In the 14th century Boccaccio began to grapple with conceptions of narrative which artists had not explored before. The Decameron's structure resembles a series of frames that digress within each other; the external narrator tells the reader about 10 internal narrators who in turn tell stories that occasionally contain characters who tell stories.
In the Renaissance, artists continued to confront concepts of narrative and perception. "Cartesian perspectivalism," born in the Renaissance, has become the "dominant, even totally hegemonic, visual model of the modern era" (Jay, p. 4). Today we take this visual model for granted. Historically, it is based on "Renaissance notions of perspective in the visual arts" as outlined in Alberti's De Pictura and "Cartesian ideas of subjective rationality in philosophy" (Jay, p. 4). Alberti's metaphor depicts a canvas as a transparent window that distances the artist from the subject. Alberti separates artistic form and content, by creating a realistic image separate from his emotional opinion of the image and the emotions the image may provoke (Jay, p. 8).
Stephen Heath discusses Leonardo da Vinci's concept of frame and perspective, which connects closely to Alberti's concepts. Da Vinci likens perspective to "nothing else than seeing a place (or objects) behind a pane of glass, quite transparent, on the surface of which the objects behind that glass are drawn..." Heath reflects that "(i)t is worth noting, indeed, in Renaissance (and post-Renaissance) painting the powerful attraction of the window as theme, the fascination with the rectangle of tamed light, the luminously defined space of vision" (Heath, p. 34). He immediately historicizes this comment: "before the fifteenth century, frames hardly exist, other than as the specific architectural setting that is to be decorated (wall, altarpiece, or whatever); it is during that century that frames begin to have an independent reality, this concomitant with the growth of the notion itself of 'a painting' (the first instance of the use of the word 'frame' in an artistic sense recorded by the Oxford English Dictionary is c. 1600)" (Heath, p. 33-34).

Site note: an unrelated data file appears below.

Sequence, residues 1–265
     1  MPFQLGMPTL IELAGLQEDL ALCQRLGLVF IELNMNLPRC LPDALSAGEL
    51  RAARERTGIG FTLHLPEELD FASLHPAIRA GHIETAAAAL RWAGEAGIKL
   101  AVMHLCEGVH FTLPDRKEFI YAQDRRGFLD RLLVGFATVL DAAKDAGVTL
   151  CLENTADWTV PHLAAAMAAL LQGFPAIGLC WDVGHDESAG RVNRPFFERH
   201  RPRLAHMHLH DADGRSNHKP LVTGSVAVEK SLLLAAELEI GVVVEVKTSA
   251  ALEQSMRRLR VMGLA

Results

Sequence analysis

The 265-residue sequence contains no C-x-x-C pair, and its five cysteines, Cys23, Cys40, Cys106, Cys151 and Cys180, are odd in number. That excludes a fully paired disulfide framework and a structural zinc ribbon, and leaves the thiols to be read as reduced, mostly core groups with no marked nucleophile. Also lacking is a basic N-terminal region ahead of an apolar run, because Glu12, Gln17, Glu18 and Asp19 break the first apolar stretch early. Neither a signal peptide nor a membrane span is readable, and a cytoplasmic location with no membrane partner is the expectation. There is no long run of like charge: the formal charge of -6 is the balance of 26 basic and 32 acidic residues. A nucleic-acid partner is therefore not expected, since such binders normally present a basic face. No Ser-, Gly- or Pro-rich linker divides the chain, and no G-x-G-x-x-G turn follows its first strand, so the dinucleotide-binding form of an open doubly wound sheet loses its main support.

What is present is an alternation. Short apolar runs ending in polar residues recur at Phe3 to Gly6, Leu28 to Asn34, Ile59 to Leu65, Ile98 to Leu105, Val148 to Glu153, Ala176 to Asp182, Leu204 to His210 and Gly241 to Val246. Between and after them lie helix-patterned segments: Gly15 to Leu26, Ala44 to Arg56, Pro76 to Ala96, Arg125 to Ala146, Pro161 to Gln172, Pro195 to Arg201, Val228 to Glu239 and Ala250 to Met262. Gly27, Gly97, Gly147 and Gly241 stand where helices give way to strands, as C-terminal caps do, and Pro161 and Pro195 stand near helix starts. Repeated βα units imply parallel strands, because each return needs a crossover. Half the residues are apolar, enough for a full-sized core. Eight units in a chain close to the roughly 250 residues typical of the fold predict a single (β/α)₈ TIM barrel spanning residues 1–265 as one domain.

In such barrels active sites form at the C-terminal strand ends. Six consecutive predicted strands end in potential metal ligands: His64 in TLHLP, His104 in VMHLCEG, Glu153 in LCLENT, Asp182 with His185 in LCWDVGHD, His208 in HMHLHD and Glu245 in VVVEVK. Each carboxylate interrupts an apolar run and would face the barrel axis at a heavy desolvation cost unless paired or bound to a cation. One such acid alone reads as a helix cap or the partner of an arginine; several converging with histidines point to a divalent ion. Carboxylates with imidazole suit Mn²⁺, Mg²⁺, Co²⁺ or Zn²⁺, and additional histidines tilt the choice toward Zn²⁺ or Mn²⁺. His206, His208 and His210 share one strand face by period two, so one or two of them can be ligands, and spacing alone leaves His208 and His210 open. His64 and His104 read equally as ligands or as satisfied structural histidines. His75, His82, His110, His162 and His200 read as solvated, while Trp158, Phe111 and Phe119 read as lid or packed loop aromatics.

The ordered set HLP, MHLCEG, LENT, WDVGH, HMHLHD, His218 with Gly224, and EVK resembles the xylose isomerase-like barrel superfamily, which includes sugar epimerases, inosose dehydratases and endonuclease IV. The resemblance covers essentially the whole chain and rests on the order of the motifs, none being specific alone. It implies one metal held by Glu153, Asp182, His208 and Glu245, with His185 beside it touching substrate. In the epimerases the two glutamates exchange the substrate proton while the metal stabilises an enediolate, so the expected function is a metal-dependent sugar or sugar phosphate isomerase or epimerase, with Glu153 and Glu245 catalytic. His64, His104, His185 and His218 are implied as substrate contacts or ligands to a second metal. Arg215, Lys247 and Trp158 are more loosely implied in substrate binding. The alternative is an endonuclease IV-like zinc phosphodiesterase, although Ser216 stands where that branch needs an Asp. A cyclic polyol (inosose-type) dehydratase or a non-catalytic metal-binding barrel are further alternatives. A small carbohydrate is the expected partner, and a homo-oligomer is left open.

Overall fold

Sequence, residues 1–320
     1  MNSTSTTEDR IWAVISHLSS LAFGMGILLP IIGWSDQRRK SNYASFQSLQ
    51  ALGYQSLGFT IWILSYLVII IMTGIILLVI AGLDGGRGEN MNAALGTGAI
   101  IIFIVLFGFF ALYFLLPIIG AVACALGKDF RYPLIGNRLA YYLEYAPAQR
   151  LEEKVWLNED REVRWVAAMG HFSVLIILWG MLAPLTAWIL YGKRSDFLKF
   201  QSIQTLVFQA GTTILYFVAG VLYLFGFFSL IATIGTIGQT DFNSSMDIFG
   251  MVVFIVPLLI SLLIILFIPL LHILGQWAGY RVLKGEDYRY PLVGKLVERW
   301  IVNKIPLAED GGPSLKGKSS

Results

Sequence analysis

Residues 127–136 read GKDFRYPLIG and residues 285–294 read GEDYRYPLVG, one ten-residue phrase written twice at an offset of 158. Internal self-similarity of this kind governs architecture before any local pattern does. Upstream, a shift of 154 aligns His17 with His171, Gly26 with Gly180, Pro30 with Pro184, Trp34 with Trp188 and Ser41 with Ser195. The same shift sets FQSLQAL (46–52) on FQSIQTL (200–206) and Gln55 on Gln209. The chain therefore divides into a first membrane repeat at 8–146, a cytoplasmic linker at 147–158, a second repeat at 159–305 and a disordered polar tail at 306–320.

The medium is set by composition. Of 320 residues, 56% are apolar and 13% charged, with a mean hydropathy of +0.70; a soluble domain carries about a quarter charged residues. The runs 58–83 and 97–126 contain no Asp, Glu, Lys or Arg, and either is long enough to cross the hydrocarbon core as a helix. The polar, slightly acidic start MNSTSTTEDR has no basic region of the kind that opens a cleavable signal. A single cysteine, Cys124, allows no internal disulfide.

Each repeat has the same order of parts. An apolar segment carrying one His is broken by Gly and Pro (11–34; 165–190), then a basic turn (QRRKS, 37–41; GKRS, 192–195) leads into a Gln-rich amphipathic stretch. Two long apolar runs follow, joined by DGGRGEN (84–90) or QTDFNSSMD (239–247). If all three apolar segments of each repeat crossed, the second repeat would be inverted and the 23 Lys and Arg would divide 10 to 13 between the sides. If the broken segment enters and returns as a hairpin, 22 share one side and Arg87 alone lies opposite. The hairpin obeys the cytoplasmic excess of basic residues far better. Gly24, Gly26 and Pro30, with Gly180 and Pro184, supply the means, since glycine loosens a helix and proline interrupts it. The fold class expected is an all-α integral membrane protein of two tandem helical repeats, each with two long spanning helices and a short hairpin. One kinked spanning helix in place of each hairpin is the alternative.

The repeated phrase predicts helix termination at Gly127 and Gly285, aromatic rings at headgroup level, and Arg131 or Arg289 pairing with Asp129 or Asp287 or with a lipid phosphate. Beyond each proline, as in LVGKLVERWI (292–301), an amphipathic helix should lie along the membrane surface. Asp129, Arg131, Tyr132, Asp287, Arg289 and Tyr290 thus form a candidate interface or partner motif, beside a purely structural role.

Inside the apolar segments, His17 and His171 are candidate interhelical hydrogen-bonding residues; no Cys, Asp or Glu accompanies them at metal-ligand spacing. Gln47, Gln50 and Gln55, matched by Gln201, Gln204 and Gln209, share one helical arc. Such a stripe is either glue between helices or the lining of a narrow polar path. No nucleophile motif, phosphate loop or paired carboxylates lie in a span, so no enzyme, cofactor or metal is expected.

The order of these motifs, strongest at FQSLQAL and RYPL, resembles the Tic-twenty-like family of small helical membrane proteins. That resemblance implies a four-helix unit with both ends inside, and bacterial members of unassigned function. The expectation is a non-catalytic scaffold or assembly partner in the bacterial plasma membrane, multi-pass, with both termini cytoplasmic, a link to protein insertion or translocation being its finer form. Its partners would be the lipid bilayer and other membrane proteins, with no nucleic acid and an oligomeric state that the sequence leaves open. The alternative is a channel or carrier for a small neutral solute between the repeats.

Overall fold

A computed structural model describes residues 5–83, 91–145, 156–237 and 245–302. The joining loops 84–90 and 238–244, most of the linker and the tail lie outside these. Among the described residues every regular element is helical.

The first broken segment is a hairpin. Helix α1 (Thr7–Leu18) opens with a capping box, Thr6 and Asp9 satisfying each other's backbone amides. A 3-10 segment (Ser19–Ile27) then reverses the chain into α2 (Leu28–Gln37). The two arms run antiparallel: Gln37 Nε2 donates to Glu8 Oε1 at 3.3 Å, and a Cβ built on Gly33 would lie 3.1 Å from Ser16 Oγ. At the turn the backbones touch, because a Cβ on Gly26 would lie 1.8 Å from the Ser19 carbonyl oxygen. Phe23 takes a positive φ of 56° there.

Many interpreters have spoken of "narrative frames" within the Decameron. Clearly, however, this metaphor is layered with meaning. In the information-rich present day, analyzing the narrative complexity of the Decameron in terms of "frames" seems natural; spectators and readers are used to the story within the story format as well as to the notions of intertextuality and metatextuality. The Decameron appeals to our modern sensibilities which are accustomed to television and film. Our ability to appreciate the text's complexity intricately connects to terms used in recent theoretical discourse. Is the Decameron such a radically modern text or are we projecting our view back upon a text that was, in fact, quite consistent with the culture of its time? Analyzing the Decameron in terms of framing appears to be in fact retro-active. The frame model did not seem to exist in cultural discourse or artistic language when Boccaccio was formulating the appropriate structure for the Decameron. Analyses of the Decameron, made with the history of the "frames" model in mind, demands a more informed and complex (frame)work.
(C.M.) Martin Jay, "Scopic Regimes of Modernity" in Foster, Hal ed., Vision and Visuality. Seattle: Bay Press, 1988, pp. 4-8; Stephen Heath, "Narrative Space" Questions of Cinema. Bloomington: Indiana University Press, 1981, pp. 33-34.